No Longer Minty-Fresh

Sunday, 2007-November-25 at 12:55 1 comment

Background

I upgraded my traveling laptop from Windows XP SP2 to Linux Mint earlier this year.  Mint is based upon Ubuntu Linux, so it is definitely a joy to work with.  I have written about my joys with Mint and about reducing the aggravation in my life that comes from Windows.

Upstreaming

Where Rick Jelliffe unwittingly upgraded his base Ubuntu system and made his system unbootable, I actually read the upgrade instructions and stepped through them, turning my Mint Bianca system into a hybrid Mint Bianca / Mint Cassandra system.  I read the philosophy behind Mint Celena and decided I did not agree.

The Update Manager and Update Notifier were removed from Celena so users would not perform un-educated upgrades. With more than 2 releases a year and many modules affected by upgrades, stability was preferred to security in Celena. No more pop-ups telling you a new version of Ubuntu became available, no more pop-ups telling you to download the latest kernel… your system is stable, tested and it should stay that way.

So I have "upstreamed" my laptop to Ubuntu 7.10 Gutsy.

Not that I’ve done it all at once.  I have thus far removed the Mint repositories from my apt.list file and then upgraded my base to Ubuntu 7.10 Gutsy Gibbon.  I intend to back up my home directory and then install Gutsy from scratch.  Mint's installation was so quick and easy, in part because it does not ask you about partitioning–Do you want a separate /home partition?  How large do you want /home to be?–which is fine for a casual user who will never upgrade, but horrid for someone who will upgrade in place even once.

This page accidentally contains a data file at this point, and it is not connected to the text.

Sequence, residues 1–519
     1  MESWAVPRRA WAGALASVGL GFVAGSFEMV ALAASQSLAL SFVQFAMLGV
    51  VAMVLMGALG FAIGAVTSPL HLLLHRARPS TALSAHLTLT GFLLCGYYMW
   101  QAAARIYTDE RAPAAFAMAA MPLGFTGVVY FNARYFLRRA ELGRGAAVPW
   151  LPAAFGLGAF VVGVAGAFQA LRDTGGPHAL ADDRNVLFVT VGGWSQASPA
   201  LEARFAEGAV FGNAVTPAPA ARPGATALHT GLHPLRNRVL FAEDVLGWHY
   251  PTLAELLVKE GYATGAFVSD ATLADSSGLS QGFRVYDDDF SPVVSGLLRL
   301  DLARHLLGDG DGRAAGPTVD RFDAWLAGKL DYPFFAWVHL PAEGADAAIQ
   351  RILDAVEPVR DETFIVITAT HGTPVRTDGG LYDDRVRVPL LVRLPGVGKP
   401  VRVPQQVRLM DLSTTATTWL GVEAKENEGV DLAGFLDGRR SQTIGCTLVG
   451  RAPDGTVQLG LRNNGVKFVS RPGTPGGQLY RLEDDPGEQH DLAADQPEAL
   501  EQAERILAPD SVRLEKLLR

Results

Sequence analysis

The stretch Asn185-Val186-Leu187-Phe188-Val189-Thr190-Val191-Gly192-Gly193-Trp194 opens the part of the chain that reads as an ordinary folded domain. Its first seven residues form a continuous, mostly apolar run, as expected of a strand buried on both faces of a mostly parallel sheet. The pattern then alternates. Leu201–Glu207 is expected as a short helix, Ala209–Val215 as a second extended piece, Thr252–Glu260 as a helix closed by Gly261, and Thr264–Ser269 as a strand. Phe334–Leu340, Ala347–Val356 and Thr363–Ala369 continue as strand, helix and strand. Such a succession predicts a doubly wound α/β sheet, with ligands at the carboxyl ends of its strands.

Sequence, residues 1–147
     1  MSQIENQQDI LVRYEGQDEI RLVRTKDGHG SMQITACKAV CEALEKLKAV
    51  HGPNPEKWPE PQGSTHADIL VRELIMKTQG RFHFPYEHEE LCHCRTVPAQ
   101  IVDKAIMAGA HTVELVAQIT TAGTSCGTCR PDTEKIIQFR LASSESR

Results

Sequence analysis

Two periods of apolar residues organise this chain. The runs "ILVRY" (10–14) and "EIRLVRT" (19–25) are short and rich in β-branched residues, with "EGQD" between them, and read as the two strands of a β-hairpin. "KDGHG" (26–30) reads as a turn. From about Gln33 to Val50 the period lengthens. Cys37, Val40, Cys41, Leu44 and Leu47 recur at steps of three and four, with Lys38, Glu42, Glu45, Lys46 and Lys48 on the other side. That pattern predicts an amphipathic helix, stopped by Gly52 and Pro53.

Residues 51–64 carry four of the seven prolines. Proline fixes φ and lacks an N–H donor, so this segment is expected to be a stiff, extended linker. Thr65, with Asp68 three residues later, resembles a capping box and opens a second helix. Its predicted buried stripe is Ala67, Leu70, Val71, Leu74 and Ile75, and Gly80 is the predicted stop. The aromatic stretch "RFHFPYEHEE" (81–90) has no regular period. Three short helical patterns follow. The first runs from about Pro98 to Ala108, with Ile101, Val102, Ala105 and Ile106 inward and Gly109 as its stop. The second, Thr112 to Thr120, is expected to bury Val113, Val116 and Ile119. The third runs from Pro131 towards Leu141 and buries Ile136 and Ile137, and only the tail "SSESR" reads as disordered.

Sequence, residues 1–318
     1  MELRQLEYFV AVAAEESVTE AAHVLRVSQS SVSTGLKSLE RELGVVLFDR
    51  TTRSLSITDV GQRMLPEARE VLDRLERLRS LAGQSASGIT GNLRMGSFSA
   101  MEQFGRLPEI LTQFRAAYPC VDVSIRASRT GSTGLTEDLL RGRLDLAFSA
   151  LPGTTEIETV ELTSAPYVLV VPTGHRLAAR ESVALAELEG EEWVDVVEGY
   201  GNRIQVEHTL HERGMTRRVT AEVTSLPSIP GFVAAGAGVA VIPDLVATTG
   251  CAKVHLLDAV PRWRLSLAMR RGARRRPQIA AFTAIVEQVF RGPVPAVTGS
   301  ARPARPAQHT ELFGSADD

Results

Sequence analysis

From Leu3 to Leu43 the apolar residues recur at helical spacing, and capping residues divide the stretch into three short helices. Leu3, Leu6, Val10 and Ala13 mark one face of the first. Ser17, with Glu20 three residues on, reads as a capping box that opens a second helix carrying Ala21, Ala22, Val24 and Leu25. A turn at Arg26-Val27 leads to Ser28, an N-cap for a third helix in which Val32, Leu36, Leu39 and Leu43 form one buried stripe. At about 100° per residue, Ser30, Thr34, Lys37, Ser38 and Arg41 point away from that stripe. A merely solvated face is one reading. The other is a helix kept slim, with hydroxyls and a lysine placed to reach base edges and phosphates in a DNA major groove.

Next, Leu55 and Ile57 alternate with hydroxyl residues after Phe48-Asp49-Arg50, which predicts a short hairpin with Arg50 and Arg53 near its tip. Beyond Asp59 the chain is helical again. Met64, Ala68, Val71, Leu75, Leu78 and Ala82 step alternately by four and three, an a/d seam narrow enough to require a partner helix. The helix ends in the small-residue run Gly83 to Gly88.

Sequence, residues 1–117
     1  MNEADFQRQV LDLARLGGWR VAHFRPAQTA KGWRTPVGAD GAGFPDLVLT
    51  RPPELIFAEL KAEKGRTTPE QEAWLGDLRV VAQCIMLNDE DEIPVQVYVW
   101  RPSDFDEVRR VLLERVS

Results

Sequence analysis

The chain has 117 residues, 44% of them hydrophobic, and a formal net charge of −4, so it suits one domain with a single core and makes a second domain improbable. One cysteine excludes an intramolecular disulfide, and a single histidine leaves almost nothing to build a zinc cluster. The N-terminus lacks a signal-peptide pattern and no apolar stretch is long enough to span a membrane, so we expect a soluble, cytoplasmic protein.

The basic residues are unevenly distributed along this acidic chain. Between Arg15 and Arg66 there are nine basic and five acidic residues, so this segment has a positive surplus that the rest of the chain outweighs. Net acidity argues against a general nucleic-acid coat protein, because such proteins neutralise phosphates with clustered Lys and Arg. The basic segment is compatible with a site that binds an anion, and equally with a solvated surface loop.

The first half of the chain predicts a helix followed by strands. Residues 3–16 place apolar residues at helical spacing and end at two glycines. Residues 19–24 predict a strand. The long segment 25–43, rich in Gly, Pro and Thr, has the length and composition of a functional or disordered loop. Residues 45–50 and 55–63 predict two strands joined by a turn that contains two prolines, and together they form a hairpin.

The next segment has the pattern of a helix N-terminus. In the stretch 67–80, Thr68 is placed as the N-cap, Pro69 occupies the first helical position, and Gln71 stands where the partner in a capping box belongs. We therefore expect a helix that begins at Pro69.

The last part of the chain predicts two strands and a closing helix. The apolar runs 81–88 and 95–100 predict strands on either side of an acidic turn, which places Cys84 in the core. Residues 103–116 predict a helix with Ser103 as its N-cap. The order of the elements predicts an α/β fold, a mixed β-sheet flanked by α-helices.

There are a couple of minor issues.  Chief among them is that I have to enter the key for each WiFi network each time I use it.  I can save the key to my keyring, but I still have to enter the unlock password for the keyring each time I start the computer.  Most hotel networks do not have a key, so it is not a major issue right now.  If I spend more time working within commuting distance from home, it might get to be an irritant.  Secondly, for most users, enabling IP-restricted software and file formats is a must.  A quick and simple question (with appropriate disclaimers) during installation would be sufficient.  This would then automatically enable the use of Acrobat Reader, win32codecs, and DVD playback.  (Yes, I understand the reasons behind it.  I am suggesting that for users that are familiar with the issues and choose to use IP-restricted files [such as music in .mp3 format], it can be a one-click, "I take responsibility for the consequences of my choices" type of thing.)

Conclusion

Like most users, I would not mind from-scratch installations if the default was to have /home on a separate partition, where I can easily keep my data and customizations across upgrades.  Even though Windows does not keep home directories (e.g., "C:\Documents and Settings\") separately, it does leave them pretty much intact during upgrades.  This is an area where Linux distributions can improve their installation processes and make their operating systems even better.

Update (2009-10-01)

I’m pretty likely to be back to Mint soon. The old laptop is slowly dying, and there were enough pains in the upgrade to Ubuntu 9.04 that I’ll be glad for a more stable distribution.

Entry filed under: Linux, Software. Tags: .

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1 Comment

  • 1. lnxwalt  |  Friday, 2008-August-22 at 19:37

    I should point out that logical volume management (LVM) partitions cannot be non-destructively upgraded. If the installation gives you a choice about partitioning, keep your /home partition separate from LVM. In fact, make sure that /home is a separate partition. Make it EXT3 or another journaled file system.


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